With Christmas right around the corner, y’all are all probably thinking honey-glazed ham and Santa approved cookies (hopefully not together), but New Years is quickly approaching. Luckily for you, this month’s theme for Recipe Redux is New Years food traditions, so I’ve got a healthy New Years recipe for you along with links to other Recipe Reduxers for inspiration.
I’ve always found cultural food traditions to be fascinating, and New Years Day certainly has it’s fair share. Lentils in Italy for money, extra-long noodles in China for long life (don’t break them!), and 12 grapes in Spain (13 if you live in Peru!) for luck.
When I was little, my mom would prepare a nice meal for New Years, but never anything traditional. After spending most of my life in the South, I’ve latched on to traditional Southern meal of pork, black-eyed peas, collards and cornbread for New Years.
Pork is eaten for good luck in the New Year, a tradition not just common to the South, but to Cuba, Portugal, Austria and Hungry as well. The Southern tradition of pork for New Years likely came from Germany, where pork is eaten with saurkraut for a “sweet” new year. Others say pork signifies progress forward, since pigs root forward with their snout when looking for food, while chickens and turkeys scratch backward. I’ve heard the more pork you eat on New Years, the more luck you’ll have in the next year, however for the last two years we’ve used just a couple slices of bacon and our luck has been just fine!
We eat black-eyed peas on New Years for wealth. Black-eyed peas became a Southern staple after the Civil War. When Union troops marched through the South, most crops and livestock were destroyed or stolen, except for black-eyed peas (and greens), considered undesirable to the troops. The tradition of eating black-eyed peas on New Years actually dates back much earlier, to a 1,500 year old Sephardic Jewish tradition of eating black-eyed peas on Rosh Hashana, the Jewish New Year, likely brought to the South from the large Jewish population in Savannah. Because beans expand as they cook, it is said to represent expanding wealth. Also, they just kinda look like coins. Frequently, a penny is placed in the pot of beans before serving. Whoever gets the penny (without accidentally swallowing it), gets extra wealth and luck for the year. Another tradition is to eat at least 365 peas to ensure luck every day the next year.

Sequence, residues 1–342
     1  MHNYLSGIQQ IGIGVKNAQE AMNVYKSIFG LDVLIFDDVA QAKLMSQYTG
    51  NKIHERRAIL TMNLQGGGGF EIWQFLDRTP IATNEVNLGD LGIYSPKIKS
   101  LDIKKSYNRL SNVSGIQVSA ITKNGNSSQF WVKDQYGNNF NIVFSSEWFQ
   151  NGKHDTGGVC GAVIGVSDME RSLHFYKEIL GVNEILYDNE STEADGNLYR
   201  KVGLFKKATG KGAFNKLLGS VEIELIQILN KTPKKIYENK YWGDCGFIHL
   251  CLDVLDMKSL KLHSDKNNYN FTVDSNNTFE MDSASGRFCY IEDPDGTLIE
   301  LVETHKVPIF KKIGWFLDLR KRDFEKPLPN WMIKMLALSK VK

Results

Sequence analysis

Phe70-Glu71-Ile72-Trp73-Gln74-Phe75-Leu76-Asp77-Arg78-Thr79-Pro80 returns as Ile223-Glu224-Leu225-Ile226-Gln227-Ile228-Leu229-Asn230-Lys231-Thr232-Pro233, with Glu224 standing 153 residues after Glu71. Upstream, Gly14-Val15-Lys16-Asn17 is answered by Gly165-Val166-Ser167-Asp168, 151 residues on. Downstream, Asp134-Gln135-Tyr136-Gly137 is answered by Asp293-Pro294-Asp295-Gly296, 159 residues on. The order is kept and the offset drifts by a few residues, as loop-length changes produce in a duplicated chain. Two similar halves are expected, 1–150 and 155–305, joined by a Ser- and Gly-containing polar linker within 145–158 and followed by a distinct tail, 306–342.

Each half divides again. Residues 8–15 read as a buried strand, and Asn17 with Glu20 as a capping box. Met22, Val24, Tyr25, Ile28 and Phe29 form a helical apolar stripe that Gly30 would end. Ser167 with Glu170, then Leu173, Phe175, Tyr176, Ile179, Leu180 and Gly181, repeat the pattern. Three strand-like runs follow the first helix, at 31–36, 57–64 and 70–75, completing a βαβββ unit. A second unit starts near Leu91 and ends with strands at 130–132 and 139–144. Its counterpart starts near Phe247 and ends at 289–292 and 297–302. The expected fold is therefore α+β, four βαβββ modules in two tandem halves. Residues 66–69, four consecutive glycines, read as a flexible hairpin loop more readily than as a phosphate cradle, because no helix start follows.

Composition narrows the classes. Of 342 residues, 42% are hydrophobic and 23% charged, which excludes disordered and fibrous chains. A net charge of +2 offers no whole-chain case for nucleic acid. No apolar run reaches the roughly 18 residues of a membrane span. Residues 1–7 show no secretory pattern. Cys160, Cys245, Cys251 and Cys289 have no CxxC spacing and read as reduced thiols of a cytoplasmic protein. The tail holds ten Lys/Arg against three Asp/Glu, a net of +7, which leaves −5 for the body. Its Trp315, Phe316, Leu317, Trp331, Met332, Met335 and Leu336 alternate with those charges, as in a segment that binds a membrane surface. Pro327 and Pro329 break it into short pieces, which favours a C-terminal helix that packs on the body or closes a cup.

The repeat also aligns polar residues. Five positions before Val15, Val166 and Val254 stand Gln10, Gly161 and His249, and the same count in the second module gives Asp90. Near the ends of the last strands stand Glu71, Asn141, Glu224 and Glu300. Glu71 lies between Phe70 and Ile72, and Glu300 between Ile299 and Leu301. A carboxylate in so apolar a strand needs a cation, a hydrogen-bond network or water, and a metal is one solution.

This one is pretty straightforward – being green, collards represent money. Collards, and other bitter greens, became synonymous with southern cuisine for the same reason as black-eyed peas. Greens are typically braised with stock, onion and some type of pork, often ham hocks. Emerils version is my favorite.
Cornbread is another food eaten for wealth in the New Year. Gosh, us Southerners will do all it takes to ensure money in the New Year! Why? The cornbread’s gold color is meant to represent gold, often with corn kernels mixed in to represent golden nuggets. For the most traditional southern recipe, use very little flour and little to no sugar or honey.